Marigold - This is a common plant in gardens. It has been known for its slug-repelling effects, but its scent is also disliked by mosquitoes. These flowers can be a beautiful addition to a salad and hold their own medicinal effects as well, such as being used for minor burns, eczema, bruising, helping to releave an oily complexion, can be used for women's problems during a bath, and can be effective against warts.

Lavender - This is a personal favorite. I want to put it in everything. It is nother edible flower that can be a delicious addition to salads, it has many aromatic therapeutic properties. Its scent can naturally be relaxing, and applied topically it can be a pain reliever for sore muscles and arthritis. It has even been studied for its effects on Alopecia areata (an allergy to one's hair). It can be used topically for eczema, and can be an antifungal and antiseptic for open wounds.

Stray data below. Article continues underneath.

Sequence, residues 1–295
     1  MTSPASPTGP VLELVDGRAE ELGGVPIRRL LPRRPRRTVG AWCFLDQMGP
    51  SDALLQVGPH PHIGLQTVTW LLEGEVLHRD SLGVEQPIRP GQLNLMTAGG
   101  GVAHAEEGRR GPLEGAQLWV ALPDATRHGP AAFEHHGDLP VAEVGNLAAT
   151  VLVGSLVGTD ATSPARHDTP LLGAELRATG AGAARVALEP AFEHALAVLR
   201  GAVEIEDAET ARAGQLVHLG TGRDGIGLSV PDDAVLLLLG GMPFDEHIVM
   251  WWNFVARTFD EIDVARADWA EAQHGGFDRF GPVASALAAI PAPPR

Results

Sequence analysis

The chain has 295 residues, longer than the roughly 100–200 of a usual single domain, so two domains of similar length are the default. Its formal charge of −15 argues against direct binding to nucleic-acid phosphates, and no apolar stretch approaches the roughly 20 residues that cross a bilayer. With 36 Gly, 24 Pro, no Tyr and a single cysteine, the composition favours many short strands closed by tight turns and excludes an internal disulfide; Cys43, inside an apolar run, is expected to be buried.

Catnip - Commonly known for its effects on cats, it can be effective against those pesky external parasites. In fact, studies have gone so far as to say that it is ten times more effective than DEET, according to a report by the American Chemical Society from Iowa State University. It is a safe-to-use herb for children, including babies, as a nervine (something which calms anxiety or the nerves), a digestive, and a tonic. A strong tea can reduce a fever associated with colds and the flu, and, externally, is great for skin irritations.

Cedar - This is a fragrance that personally reminds me of home, since I do come from the Evergreen State. It has been long known to repel moths, but its essential oil can be just as effective at repelling mosquitoes, too. It can be used as an antiseptic, against respiratory infections, ease the pain of urinary tract infections in a bath, and can help the itch of bug bites.